We wondered if it was meant as a remembrance.
 This was new as well.  It only struck me later that it could also have been created..
in memory.
The crows were frantic yesterday and we could hear an eagle call, though we never found it.
There was beautiful light..
that seemed to come through, even in my black and white experiments.
 I took a couple of flying shots..
 while ever-patient Bill kept Black Jack on the move (it was our coldest ride yet, even in the sun).
 When it was time to turn back, Bill carefully tucked Black Jack into her basket and I thought for the umpteenth time how fortunate I am to have him in my life.  That was our world yesterday.  My thanks again to Our World Tuesday and the dedicated volunteers who do such a fine job of bringing people together.  A sign of hope, I believe.   


  1. love the shined medals. so very sweet.

  2. My sister inherited my grandfather's WW1 medals. There were quite a few. I was shocked when she told me she had to sell them years ago, But I didn't blame her. She was going through a long bad patch in her early years of marriage -- he was worse than a jerk. Just wish we had known and could have helped her at the time. But all that was many years ago and she's had a satisfying and fruitful life since those days. She was a missionary in Romania for ten years and did a lot of good work with homeless young people.

    I feel for you about world peace. It is devastating to hear and see what all is going on. I'm sure you understand that our take on that is that there will be no peace on earth until the Prince of Peace has come. That doesn't mean that we shouldn't do all we can to alleviate suffering wherever and whenever we can right now.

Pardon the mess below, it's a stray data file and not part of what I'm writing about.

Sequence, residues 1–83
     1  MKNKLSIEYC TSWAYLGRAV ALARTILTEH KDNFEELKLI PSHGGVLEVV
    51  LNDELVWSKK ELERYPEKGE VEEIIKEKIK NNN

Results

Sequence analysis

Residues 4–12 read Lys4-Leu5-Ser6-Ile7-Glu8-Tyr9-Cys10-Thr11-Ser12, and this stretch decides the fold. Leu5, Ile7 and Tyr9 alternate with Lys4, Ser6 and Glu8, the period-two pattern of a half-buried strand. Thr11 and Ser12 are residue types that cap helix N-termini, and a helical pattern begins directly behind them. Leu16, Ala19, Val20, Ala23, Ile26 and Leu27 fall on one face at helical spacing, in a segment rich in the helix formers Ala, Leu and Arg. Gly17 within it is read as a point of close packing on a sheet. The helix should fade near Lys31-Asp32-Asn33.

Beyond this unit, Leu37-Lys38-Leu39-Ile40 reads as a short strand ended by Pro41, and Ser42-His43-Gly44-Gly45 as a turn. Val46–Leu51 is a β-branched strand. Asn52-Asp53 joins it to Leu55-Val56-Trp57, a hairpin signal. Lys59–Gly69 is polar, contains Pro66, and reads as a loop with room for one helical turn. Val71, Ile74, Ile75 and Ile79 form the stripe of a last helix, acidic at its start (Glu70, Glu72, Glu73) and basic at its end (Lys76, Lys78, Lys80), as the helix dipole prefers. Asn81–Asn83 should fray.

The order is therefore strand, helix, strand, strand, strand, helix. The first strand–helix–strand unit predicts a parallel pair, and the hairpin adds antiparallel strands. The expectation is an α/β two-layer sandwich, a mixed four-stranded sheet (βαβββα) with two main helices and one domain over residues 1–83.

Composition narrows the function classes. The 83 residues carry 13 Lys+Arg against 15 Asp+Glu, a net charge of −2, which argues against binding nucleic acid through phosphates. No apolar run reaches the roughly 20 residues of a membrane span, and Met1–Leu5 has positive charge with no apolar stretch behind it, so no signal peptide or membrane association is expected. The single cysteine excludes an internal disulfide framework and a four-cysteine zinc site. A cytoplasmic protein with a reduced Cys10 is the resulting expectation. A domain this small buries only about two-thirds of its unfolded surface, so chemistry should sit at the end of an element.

You are indeed blessed to have a man like Bill in your life. Such a great sense of humor and support.

  3. How special to learn more about your father! I hope you found your poppy on the way to the ceremony. I have kept one for several years but did not see one person selling them this year. Phyllis

  4. Lovely photos of the poppies and birds. Your dad's medals and photographs are so special. It is interesting to learn of family history.

  5. The email was lovely. And thank you for sharing that with us. Here in the UK there was a big memorial at the Tower Of London with poppies, and it really was spectacular and a wonderful memorial. You may have already seen it, but here is a link to a photo of it:


  6. Well it's nice to know you missed me posting, we have been very busy in the past few weeks. I've been out of town and then one of my younger sisters had emergency gall bladder surgery and complications. She is on the mend now. I love the picture of your Dad, he was a very distinguish looking gentlemen. How wonderful to have the medals in the family, I know how much they mean to you.

  7. 11 of the 11 of the 11, remembrance day. I am involved with the Canadian Military.

  8. I really enjoyed learning this part of your family's past :)

    I wish you a terrific weekend!!